Fun for foodies
Culinary breaks are becoming more popular among visitors to Scotland, and several new cookery schools and tours have been unveiled for 2009.

Edinburgh hotel The Bonham is to host a series of ‘Meet the Chef’ events in which head chef Michel Bouyer will share his secrets.

Braehead Foods, an established supplier of game and venison to chefs across the UK, has opened a new cook school in Kilmarnock.

The school will offer 18 masterclasses in the state of the art kitchen, comprising a demo area and cook stations for up to 20 people.

Or for those with more of a sweet tooth, there is the new Cocoa Black chocolate school in Peebles. This school also provides tuition at all levels – from those looking to while away a lazy afternoon tasting chocolate, through to the creation of luxury cakes and desserts.

For longer indulgences, specialist travel company Wild Green Travel has announced new tours including a three-day Skye & Seafood and seven-day Wild Green Foodie tours, taking in the Highlands & Islands.

Gettingwed in the palace
Scone Palace has cemented its position as Scotland’s dream wedding venue with the opening of a luxury new suite.

The Murray Suite provides a magnificent setting for more intimate ceremonies and receptions for up to 40 guests.

The Palace is also the perfect venue for larger events. Ceremonies for more than 100 guests can be held beneath the ornate vaulted ceiling of the Long Gallery.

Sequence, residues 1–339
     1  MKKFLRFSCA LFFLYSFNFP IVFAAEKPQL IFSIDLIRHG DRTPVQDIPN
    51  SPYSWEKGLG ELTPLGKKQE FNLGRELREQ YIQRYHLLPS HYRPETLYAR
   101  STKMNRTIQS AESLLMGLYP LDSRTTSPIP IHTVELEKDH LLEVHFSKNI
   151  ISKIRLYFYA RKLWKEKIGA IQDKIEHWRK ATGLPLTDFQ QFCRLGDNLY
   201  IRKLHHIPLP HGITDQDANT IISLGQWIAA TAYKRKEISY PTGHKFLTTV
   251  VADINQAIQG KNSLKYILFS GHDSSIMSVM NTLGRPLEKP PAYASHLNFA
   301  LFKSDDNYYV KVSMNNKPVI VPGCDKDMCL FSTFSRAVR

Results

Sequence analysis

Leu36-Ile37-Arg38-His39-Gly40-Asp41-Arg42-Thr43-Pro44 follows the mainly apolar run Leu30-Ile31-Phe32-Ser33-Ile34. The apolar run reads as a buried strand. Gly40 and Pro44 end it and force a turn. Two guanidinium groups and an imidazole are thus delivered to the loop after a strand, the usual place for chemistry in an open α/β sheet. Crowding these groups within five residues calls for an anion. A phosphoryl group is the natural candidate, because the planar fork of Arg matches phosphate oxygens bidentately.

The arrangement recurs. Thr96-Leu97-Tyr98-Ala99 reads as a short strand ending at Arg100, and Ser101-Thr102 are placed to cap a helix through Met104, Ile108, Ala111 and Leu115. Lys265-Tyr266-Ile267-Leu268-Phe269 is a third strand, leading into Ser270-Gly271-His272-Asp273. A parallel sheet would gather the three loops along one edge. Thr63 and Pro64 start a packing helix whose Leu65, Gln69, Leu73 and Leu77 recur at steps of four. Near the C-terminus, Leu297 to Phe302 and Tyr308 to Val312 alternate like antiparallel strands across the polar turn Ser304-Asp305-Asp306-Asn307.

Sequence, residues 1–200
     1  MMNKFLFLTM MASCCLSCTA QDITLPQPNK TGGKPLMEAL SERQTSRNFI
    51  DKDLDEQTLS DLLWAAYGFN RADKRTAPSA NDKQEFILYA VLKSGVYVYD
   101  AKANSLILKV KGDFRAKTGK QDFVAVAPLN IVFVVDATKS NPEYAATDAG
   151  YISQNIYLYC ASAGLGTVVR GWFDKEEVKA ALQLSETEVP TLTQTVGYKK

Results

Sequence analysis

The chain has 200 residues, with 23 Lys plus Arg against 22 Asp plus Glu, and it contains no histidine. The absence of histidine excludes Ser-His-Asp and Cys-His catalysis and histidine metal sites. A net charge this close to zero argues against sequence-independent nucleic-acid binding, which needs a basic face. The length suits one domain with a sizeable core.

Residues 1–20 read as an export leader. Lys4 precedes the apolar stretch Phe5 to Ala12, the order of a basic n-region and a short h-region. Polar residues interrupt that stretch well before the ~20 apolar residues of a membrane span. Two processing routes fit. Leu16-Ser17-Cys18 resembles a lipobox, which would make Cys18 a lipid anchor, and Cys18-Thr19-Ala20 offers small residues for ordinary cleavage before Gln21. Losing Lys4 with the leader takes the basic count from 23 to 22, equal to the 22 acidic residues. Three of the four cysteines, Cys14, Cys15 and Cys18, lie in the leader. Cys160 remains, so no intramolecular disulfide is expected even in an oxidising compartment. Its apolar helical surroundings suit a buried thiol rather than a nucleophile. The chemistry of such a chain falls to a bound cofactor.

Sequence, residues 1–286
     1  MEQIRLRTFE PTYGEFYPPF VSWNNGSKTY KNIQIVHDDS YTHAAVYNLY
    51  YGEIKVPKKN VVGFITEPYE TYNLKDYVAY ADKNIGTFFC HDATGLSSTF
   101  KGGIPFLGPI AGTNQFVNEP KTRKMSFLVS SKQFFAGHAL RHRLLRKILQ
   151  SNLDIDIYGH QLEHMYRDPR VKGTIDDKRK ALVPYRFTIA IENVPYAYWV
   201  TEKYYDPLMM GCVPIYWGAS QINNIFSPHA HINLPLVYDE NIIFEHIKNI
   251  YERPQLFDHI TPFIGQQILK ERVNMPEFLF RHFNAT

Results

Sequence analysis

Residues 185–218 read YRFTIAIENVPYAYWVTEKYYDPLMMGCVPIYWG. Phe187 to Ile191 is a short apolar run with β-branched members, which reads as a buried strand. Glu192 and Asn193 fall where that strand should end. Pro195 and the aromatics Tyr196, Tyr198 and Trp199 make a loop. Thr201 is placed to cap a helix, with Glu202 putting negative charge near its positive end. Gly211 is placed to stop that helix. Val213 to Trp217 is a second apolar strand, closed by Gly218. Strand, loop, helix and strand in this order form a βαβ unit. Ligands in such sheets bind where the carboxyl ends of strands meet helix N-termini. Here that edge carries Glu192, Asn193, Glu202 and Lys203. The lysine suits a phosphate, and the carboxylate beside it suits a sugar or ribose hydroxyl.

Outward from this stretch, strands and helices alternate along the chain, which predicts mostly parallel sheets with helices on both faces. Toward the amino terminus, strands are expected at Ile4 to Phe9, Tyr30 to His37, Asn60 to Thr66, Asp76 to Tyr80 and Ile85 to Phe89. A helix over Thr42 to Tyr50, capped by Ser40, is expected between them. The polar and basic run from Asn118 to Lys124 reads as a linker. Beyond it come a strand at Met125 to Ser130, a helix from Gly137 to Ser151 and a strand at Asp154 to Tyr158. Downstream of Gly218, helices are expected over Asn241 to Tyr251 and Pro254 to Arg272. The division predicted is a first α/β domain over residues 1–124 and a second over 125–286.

In brief...

The latest Edinburgh restaurant about to open its doors at No 3 Royal Terrace is causing a bit of a stir among food lovers in the capital.

The cryptically named Restaurant 21212 was set to open at the beginning of May and belongs to Michelin-starred chef Paul Kitching, one of Britain’s most exciting chefs and known for his eccentric dishes.

The restaurant will be located on the ground floor of this vast Georgian townhouse and will be able to accommodate up to 38 covers. On the first floor there will be a bar and private dining area while on the second floor there will be three double bedrooms.

Orient Express Trains & Cruises will launch two new tours for this year.

The Northern Belle Inverness Weekend, departs on 8th August and will take in Inverness Castle, St Andrew’s Cathedral and Culloden Battlefield.

The second tour to be launched is The Royal Scotsman Country Homes & Gardens of Scotland Tour. Departing on 5th June, this tour includes a four night exploration of Scotland’s most fascinating and scenic country homes and gardens, combined with a luxury all inclusive trip on The Royal Scotsman train.

For details, tel: +44 (0)845 077 2222 Highland Park whisky has just completed an impressive refurbishment of its five star visitor centre at its Orkney distillery.

The revamped visitor centre brings to life the distillery, established in 1798, and its integral relationship with Orkney.

Visitors can take a guided tour around this working distillery, and enjoy a dram at the bespoke tasting bar made from Orkney dry-stone walling and traditional oak previously used for the fermentation stage of making the single malt.

A new cask education area highlights the vital role of the exceptional sherry oak casks used to develop the distinctive richness and multi-dimensional complexity of the whisky.